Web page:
Well now one of my brother was a artist, and he always dress up funny with all the bell bottoms, and flowery shirts too. Just like James Brown did or Elvis I guess. You know like rock stars in those days dressed...kinda wild.

Papa knew that he was not going to be a farmer and let him go off and visit my mama's half-sister Margret "Peggy" Parish (the childrens book author of Amelia Bedelia). 

She was a hoot. She taught English at a lot of Indian Reservation and was quite a wild tomboy growing up prior to WWII. She studed English at USC and that Yale Professor that became so famous for his Outdoor Writing....Haveligh Babcock encouraged my aunt to write funny stories about the people she grew up with on the farm.

I got to meet Dr. Babcock when he hunted quail when I was just a little fellow carring my dog whistle. "Where is your shotgun, young man? He asked me, I said I was working the quail dogs, and a guide did not bother with anything but the pointing dogs, and their ability to work a covey and the singles, and I did not need anything more than the rawhide lanyard and SS Whistle which I wore around my neck.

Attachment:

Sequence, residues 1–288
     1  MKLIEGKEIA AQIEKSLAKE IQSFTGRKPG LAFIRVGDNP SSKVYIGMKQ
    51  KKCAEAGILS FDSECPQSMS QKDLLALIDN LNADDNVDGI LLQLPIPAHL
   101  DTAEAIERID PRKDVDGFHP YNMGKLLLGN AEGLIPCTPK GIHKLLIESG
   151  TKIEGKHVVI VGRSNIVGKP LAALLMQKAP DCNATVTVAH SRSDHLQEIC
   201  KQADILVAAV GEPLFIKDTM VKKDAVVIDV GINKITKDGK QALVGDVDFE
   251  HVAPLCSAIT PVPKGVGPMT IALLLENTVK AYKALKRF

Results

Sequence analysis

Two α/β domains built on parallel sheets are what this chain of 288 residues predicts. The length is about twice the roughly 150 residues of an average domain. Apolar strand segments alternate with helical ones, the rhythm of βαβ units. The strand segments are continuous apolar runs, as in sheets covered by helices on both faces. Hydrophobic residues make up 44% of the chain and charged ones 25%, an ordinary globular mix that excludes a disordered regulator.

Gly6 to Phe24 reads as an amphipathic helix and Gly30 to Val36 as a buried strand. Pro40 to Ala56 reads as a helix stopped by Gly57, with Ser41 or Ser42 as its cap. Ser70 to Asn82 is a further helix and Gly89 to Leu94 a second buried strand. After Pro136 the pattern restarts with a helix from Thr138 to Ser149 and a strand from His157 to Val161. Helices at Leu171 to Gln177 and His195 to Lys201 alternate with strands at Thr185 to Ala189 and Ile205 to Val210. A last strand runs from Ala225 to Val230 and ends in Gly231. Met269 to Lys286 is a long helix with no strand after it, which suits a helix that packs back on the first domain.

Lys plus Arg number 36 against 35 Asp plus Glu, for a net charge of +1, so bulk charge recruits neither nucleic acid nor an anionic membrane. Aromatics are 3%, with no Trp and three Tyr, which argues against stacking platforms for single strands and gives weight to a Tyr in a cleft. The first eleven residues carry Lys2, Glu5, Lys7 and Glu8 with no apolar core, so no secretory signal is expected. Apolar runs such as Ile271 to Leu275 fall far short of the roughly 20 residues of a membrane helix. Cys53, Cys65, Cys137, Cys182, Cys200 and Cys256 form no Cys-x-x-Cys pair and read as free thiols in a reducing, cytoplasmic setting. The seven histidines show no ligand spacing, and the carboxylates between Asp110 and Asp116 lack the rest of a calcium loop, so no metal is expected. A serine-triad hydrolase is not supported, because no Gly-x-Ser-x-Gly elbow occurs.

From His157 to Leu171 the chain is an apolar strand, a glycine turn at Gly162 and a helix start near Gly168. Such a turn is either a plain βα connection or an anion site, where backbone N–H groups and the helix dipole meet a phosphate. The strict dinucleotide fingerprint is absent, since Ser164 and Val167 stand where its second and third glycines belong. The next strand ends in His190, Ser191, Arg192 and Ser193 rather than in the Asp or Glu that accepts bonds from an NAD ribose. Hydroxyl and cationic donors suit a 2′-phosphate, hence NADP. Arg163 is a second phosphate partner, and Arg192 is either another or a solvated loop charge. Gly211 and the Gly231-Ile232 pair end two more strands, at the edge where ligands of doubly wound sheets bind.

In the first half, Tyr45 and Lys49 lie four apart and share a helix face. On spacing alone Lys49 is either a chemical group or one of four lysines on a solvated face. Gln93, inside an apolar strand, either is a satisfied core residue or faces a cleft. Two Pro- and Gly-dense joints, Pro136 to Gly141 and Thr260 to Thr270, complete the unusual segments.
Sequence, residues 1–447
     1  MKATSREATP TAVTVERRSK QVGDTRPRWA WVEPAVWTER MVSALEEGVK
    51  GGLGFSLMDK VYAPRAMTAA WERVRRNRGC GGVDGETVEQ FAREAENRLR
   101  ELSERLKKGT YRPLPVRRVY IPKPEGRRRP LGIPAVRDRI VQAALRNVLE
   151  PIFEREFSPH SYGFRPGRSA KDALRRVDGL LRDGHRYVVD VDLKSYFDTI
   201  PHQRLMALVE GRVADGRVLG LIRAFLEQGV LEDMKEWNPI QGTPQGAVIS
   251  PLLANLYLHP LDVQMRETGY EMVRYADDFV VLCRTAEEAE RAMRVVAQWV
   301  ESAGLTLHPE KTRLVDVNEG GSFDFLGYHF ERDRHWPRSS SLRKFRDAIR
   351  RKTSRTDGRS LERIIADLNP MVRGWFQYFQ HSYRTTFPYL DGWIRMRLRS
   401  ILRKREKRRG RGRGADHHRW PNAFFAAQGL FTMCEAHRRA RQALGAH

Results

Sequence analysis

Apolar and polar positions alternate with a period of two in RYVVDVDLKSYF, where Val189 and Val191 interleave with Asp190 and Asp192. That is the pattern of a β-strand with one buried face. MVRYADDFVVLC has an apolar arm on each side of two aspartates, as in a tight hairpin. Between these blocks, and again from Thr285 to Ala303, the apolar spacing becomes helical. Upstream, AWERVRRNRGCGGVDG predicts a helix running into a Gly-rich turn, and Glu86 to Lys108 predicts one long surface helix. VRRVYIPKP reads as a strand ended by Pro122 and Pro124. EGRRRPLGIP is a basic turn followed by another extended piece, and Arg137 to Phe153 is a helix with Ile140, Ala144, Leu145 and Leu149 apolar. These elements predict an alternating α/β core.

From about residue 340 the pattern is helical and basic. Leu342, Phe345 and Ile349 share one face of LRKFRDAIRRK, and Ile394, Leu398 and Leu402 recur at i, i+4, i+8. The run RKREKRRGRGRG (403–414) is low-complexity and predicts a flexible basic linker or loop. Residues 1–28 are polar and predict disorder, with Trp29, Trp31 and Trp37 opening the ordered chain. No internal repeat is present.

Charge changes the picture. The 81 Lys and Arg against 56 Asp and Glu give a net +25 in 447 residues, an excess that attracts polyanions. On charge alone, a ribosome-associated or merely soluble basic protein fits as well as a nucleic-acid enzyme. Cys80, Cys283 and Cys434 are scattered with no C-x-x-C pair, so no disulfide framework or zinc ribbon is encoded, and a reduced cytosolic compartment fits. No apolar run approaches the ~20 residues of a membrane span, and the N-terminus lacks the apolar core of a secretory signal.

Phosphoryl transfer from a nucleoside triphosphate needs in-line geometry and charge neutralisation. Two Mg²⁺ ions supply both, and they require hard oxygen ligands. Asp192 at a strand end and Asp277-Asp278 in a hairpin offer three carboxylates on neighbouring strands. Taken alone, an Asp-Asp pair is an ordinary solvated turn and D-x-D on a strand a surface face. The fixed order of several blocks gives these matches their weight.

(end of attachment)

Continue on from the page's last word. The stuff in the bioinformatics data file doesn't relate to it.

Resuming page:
Well now, we were hunting on Joe Moore's Santee estate, where the wild birds were still quite plentyful, and I was following my father and told to be quiet and to meet the professor that taught Aunt Margrate at the University. He wrote quail hunting articles for FIELD AND STREAM and OUTDOOR LIFE Magazines.  That was the day, so very long ago...where Dr. Babcock, and he called me "JOE GUIDE".

 My older brother was quite the funny person, telling jokes and reading those magazine from NYC and California. He always said he was going to Hollywood some day, and be famous painter, or artist.

He was always studing someone interesting, like that Picasso fellow from Spain, or one of the great painters from Itally.

Now, I don't know about you,  however, I did not leave anything in  Paris or Rome or New York City where my Aunt Peggy lived.